Just when we thought news on the coronavirus pandemic front was starting to turn around (thanks, big pharma), the third week of November has brought about a surge in COVID-19 cases -- and it's not even over. With over 11.3 million cases counted to date, it's clear that the pandemic is not letting up, and while some states are beginning to impose added restrictions, the situation is unlikely to improve dramatically in the coming weeks given the timing of the holidays.
Speaking of the holidays, typically, this is the time of year that retailers look forward to the most -- namely because of the revenue potential involved. This year, however, things may look very different, and retailers may need to brace for a rather lean 2020 holiday season.
Will shoppers cut back?
The National Retail Federation reports that consumers plan to spend $997.79 on gifts, food, decorations, and other non-gift purchases during the holidays this year. That sum may seem substantial, but it's actually a $50 drop from the previous year.
Shoppers across the board may have to be more frugal this year due to the economic crisis the pandemic has spurred. The U.S. unemployment rate, though not as dire as it was back in April, remains high, and job insecurity abounds. All of that could easily translate into a serious decline in consumer spending at a time when retailers, who have been struggling since the pandemic began, can't afford it.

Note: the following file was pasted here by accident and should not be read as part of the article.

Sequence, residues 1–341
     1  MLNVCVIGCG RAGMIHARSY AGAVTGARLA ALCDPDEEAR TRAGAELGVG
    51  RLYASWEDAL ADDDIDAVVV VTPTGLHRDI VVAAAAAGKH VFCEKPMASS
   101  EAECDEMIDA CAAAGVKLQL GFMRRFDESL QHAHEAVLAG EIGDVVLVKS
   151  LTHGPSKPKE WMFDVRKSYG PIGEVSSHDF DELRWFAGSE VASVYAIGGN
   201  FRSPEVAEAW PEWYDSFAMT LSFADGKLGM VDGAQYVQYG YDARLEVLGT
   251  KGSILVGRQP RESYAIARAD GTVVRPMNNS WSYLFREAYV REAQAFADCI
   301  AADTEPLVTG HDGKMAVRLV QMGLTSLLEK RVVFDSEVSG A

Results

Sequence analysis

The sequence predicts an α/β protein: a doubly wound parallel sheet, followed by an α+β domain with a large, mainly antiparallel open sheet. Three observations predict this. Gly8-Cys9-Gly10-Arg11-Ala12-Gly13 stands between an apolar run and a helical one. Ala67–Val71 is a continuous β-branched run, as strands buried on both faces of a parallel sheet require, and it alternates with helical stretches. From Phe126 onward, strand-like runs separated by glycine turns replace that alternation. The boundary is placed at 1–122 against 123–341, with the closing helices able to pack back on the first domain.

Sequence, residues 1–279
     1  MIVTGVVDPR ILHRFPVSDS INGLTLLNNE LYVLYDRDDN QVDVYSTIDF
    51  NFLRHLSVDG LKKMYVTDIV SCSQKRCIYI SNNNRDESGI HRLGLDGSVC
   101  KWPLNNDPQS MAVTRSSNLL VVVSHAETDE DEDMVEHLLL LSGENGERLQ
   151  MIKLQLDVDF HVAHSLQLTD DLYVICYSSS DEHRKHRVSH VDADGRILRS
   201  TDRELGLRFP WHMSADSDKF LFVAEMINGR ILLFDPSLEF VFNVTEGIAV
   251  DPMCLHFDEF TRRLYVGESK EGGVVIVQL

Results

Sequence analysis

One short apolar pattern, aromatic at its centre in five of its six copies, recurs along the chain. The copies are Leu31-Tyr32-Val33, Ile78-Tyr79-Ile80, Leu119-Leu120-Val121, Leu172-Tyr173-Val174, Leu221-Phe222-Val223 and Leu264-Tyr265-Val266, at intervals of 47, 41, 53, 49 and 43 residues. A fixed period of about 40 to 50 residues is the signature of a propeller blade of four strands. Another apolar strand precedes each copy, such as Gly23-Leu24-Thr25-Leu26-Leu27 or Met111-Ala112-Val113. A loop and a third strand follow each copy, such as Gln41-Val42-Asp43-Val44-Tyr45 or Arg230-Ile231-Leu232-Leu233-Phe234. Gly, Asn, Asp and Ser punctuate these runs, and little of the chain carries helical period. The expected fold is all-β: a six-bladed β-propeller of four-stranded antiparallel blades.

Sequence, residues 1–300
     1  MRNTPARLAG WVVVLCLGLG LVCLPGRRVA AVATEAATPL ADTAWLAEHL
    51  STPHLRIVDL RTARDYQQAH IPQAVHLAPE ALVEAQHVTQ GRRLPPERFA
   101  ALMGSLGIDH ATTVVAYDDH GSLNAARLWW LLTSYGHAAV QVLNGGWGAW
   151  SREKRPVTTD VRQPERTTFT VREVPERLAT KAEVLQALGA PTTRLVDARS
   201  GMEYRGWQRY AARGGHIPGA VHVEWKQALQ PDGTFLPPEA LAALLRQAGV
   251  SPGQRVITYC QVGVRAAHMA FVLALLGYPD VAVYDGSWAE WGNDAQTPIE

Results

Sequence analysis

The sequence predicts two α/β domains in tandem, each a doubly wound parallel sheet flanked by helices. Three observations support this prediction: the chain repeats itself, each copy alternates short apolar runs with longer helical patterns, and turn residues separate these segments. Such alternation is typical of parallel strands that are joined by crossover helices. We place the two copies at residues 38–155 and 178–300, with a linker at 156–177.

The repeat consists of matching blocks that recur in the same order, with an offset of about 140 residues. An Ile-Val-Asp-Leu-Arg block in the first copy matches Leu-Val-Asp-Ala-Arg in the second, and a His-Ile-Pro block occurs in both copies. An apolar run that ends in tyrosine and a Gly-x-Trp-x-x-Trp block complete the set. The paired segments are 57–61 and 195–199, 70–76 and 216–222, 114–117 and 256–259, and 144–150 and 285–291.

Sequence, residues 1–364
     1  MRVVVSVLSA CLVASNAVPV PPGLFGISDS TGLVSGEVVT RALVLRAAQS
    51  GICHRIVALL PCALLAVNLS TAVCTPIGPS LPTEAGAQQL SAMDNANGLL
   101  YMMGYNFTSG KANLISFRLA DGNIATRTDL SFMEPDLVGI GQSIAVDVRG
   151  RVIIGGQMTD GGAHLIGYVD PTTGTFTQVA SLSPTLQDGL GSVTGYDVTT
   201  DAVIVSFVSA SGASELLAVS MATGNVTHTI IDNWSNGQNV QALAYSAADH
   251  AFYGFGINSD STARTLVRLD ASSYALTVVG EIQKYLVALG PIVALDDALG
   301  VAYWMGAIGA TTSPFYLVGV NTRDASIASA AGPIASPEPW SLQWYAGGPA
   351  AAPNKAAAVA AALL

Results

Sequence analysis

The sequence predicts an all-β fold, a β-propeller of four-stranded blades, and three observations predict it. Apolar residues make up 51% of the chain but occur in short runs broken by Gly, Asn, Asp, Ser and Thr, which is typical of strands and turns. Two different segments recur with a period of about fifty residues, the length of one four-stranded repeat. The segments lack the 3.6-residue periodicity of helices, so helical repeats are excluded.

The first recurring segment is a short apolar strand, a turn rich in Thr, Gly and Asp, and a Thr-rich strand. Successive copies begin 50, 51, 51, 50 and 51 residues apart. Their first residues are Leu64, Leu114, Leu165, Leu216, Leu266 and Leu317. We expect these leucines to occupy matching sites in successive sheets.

Let's also remember that the logistics of a raging pandemic might keep shoppers away from stores. If cases continue to explode, the sheer number of people who are ill or in quarantine could impact in-store sales. Throw in the fact that retailers will have capacity limits to follow and the fact that nearly one-third of consumers no longer feel safe shopping at malls, and it paints a rather bleak picture for retailers at a time when they could really use a lifeline.
Can retailers survive a sluggish holiday season?
Given the challenges of in-store shopping this winter, some consumers may choose to make their purchases online rather than battle mall crowds. If they go that route, retailers may not notice much of a difference in revenue. But if shoppers opt to cut back this year, even modestly, it could spell disaster for the countless retailers who are effectively hanging on by a thread.
If the 2020 holiday season proves far less fruitful than retailers are hoping for, 2021 could kick off with an uptick in store closures. And that, in turn, could drive shopping centers and malls toward financial ruin. Without tenants, shopping centers and malls can't operate, and given the pace at which retailers are already shutting down, commercial landlords and real estate investment trust (REIT) investors alike can't afford another hit.
Of course, the surging pandemic could actually produce the opposite effect -- consumers tired of being cooped up in their homes could end up overspending this holiday out of sheer boredom. Also, a lot of people are canceling travel plans this season. That's bad for the hospitality industry, but it may benefit retailers if consumers divert funds their way.
Ultimately, it's tough to predict how retailers will fare this holiday season. At this point, the best investors can do is sit back and hope for the collective spending spree that typically defines this time of the year.